Hence cariv, is by Hesychius and Phavorinus interpreted a gift, as it is here by the apostle: Thanks be to God for his unspeakable gift, chap. ix. 15. This charity is styled the grace of God, either from its exceeding greatness, (as the cedars of God and mountains of God signify great cedars and great mountains, Psalm xxxvi. 6; lxxx. 10;) or rather, it is called so as proceeding from God, who is the dispenser of all good, and the giver of this disposition; for the motive of charity must come from him. So, in other places, the zeal of God, Rom. x. 2; the love of God, 2 Corinthians v. 14; the grace of God, Tit. ii. 11.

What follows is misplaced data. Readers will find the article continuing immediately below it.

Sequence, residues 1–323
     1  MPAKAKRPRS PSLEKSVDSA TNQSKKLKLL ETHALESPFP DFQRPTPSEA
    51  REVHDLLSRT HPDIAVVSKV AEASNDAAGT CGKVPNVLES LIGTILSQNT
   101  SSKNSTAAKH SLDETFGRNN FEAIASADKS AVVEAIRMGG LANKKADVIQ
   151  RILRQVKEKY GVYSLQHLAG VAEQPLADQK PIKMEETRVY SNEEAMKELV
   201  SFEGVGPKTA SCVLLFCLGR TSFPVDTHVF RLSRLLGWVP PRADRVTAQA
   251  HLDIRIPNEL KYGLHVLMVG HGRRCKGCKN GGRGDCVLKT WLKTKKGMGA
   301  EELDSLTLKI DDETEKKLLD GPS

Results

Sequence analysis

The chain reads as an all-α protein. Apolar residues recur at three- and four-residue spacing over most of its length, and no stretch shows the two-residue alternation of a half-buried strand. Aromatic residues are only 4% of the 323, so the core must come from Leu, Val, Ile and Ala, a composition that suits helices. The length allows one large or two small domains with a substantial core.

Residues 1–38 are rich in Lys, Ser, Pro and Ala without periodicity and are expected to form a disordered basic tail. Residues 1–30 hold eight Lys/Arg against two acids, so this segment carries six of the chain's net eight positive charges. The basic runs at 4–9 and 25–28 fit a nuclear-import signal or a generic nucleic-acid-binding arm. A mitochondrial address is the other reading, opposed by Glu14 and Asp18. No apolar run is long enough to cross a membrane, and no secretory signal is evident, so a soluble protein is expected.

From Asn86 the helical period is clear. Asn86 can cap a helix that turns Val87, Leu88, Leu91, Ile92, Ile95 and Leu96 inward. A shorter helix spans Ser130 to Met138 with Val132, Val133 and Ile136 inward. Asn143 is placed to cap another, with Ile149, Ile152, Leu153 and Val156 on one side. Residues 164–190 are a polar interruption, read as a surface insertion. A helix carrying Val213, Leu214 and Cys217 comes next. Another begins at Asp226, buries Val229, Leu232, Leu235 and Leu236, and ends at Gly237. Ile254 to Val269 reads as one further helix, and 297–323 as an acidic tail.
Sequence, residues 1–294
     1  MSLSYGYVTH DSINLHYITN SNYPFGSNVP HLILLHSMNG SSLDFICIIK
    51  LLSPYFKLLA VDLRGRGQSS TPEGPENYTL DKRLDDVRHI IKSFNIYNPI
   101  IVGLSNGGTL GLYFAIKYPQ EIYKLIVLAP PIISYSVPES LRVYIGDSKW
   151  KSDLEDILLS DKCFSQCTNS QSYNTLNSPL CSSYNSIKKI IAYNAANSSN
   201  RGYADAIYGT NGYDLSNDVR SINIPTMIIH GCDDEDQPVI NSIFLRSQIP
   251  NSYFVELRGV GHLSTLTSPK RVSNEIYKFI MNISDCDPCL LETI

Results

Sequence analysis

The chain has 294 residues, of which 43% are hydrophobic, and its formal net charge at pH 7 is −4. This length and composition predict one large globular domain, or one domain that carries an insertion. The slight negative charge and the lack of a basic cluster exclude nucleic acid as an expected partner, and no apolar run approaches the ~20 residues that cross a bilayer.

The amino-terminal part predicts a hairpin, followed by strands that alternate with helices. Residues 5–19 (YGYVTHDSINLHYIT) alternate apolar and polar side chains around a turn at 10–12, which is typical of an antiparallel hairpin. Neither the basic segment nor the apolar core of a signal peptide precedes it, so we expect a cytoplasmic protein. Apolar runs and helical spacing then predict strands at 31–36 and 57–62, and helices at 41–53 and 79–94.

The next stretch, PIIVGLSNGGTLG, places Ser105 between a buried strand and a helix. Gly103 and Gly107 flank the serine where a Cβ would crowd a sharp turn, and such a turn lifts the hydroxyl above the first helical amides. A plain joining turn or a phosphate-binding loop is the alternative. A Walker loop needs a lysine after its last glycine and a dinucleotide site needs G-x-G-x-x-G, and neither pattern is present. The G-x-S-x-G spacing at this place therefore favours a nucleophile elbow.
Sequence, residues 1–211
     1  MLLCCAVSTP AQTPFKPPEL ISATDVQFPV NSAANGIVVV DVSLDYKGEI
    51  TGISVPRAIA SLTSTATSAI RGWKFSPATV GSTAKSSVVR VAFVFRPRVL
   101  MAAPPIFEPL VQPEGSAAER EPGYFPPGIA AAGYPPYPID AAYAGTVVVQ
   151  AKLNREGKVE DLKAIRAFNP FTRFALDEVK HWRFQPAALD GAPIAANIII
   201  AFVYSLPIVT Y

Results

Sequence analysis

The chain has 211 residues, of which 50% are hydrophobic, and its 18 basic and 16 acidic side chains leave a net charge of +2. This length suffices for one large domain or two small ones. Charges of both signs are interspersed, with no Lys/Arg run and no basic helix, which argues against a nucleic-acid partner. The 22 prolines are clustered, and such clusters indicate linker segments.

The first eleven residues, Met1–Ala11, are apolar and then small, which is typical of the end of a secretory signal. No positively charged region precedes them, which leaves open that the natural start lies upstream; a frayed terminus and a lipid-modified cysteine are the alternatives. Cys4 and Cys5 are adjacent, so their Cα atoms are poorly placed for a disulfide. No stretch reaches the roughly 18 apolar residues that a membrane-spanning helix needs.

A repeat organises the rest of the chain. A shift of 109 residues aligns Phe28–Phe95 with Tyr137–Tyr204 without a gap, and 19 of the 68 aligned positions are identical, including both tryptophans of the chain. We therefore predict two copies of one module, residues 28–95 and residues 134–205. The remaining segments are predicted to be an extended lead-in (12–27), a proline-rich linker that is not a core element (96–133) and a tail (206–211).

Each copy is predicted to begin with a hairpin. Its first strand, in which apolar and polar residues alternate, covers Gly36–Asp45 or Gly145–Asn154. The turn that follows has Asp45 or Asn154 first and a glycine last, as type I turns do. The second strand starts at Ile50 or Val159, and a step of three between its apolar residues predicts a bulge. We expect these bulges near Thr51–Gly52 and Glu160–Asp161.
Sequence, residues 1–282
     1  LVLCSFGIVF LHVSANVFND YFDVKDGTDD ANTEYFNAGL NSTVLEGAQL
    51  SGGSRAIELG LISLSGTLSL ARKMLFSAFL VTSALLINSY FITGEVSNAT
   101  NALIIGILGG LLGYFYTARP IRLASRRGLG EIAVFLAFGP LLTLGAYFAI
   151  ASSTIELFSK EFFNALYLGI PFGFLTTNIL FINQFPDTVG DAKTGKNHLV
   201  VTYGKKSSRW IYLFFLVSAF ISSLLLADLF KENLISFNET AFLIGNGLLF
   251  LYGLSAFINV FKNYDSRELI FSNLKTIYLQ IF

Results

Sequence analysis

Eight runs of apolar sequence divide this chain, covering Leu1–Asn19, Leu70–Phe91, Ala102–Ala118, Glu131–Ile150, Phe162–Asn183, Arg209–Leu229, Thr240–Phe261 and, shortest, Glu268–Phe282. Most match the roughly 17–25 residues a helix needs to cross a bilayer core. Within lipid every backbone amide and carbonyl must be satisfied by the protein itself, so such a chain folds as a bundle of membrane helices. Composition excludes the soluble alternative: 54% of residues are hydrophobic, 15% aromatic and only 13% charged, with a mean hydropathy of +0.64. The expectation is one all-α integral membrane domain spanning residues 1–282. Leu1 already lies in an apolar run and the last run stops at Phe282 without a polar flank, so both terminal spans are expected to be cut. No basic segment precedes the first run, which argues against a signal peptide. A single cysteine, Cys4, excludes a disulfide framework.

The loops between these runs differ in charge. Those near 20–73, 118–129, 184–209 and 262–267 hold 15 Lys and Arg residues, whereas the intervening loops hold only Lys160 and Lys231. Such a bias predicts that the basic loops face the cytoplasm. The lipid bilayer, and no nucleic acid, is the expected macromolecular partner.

The Churches of Macedonia] These were Philippi, Thessalonica, Berea, &c.


    John Gill's Bible Commentary